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arithma

Boyancy

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I have an object partly immersed in water. The result is a boyant force pushing upward. So far am cool with that. But in some cases the boyant force causes moment (analogical for force in the world of rotation)... In the act of calculating that moment I need to know the resultant POINT OF APPLICATION of the boyant forces. IS IT A SAFE ASSUMPTION TO MAKE THE CENTER OF GRAVITY OF THE "IMMERSED VOLUME" AS THE POINT OF APPLICATION? PLEASE HELP

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Quote:
Original post by arithma
IS IT A SAFE ASSUMPTION TO MAKE THE CENTER OF GRAVITY OF THE "IMMERSED VOLUME" AS THE POINT OF APPLICATION?


Unfortunately not really. The boyancy force is directly proportional to the volume of water displaced by the object. In reality the force is evenly distributed across the objects surface and is at any one point proportional to the volume displaced by the object directly above that point. To solve this exactly would require integrals, however this can be approximated by solving for evenly distributed points along the objects submerged surface. For each point cast a ray upward to the water surface to get the length of displacement and treat the segment as a cuboid with width and depth equal the spacing between points and height equal to the length of the ray above to give you the volume. You can then calculate the buyoncy force to apply at each point from here which should lead to the rotational behaviour you'd expect.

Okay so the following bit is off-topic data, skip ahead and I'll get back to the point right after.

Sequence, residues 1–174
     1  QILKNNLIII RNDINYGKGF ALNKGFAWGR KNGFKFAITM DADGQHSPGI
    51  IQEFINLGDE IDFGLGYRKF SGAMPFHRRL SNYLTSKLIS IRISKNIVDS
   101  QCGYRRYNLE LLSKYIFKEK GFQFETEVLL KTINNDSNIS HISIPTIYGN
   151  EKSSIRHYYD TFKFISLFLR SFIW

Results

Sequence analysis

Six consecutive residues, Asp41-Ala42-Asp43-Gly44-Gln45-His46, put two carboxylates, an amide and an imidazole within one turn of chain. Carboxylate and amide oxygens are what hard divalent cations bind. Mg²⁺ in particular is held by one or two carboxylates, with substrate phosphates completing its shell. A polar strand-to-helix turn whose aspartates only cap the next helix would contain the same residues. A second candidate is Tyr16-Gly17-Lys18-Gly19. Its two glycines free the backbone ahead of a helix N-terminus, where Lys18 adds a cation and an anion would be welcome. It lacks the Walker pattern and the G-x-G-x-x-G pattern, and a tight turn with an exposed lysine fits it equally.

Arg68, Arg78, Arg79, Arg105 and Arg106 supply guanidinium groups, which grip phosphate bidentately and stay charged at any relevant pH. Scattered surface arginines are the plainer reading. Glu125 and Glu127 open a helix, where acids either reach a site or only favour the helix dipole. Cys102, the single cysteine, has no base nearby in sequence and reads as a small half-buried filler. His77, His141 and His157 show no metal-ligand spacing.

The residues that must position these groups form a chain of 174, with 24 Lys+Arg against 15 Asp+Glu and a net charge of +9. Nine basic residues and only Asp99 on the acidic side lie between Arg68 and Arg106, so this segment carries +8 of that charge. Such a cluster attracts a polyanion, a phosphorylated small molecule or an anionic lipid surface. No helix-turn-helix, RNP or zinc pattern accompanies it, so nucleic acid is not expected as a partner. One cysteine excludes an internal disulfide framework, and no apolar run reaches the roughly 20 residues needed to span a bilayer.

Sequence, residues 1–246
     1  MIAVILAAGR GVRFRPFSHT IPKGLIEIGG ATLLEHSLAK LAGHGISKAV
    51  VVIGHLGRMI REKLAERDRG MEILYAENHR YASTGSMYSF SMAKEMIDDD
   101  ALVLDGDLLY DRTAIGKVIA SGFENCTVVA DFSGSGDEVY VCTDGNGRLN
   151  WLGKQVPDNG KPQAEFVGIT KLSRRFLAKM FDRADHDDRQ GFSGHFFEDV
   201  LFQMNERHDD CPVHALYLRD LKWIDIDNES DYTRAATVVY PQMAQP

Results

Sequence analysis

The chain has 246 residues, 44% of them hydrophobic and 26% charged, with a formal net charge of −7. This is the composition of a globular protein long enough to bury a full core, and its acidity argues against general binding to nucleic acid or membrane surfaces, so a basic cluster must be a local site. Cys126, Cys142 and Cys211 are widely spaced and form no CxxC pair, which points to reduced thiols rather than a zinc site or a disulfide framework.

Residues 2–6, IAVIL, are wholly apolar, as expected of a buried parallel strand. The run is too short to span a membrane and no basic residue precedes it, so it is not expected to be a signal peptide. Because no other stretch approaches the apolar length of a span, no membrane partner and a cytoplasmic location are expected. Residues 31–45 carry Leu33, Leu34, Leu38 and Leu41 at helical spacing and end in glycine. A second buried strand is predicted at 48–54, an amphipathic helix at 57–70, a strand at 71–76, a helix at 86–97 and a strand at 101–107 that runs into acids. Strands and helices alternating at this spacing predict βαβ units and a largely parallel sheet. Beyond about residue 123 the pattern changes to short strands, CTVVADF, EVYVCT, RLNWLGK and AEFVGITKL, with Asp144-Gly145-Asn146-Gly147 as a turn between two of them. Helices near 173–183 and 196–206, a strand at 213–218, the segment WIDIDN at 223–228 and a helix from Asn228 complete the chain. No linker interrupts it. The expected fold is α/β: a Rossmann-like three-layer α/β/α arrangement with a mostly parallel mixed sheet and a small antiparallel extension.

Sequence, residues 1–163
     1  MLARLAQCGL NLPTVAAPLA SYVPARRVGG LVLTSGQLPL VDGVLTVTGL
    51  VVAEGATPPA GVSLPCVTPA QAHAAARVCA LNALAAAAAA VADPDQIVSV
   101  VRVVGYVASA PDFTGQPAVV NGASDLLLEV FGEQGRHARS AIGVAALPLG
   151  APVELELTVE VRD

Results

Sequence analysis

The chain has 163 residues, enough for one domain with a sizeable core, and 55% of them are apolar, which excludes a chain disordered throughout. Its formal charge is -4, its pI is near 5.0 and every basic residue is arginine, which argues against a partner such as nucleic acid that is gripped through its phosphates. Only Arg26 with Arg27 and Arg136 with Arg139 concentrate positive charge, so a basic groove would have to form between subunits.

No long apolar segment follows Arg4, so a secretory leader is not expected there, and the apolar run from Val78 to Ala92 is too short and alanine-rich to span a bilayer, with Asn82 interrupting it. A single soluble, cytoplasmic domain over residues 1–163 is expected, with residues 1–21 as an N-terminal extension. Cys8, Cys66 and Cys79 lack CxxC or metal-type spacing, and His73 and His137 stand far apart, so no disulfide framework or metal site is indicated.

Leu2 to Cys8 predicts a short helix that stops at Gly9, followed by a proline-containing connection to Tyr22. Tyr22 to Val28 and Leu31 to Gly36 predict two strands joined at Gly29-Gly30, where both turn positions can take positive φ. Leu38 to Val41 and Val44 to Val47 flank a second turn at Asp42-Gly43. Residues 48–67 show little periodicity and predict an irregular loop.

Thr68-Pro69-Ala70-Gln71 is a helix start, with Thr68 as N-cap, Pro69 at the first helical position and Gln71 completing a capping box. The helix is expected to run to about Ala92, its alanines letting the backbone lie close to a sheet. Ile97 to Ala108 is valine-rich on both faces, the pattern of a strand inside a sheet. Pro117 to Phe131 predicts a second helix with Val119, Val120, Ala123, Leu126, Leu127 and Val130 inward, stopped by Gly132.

Hope this helps

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The forces are not evenly distributed over the surface since pressure increases as depth increases, so upthrust at the buttom is greater than closer into the surface... Did I get something mixed up here?

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But unless your dealing with objects which are extremely volumous its safe to disregard the pressure difference. And I've just realised that i shouldn't have said evenly distributed. Rather what I mean is that the force is distributed across the submerged surface but is not even because it is proportional to the submerged volume directly above it as I go on to say.

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Indeed, force is applied on surface, as well as weight is applied to every particle. But in sum, force is the same as if it would be applied to single point.
As about disregarding pressure difference, damnit, as all buoyant force is result of pressure difference, don't you know that?

In hydrostatical case (that is, no turbulence/something), force is applied to center of mass of displaced volume of water, and if i understood arithma's post right, exactly as guessed.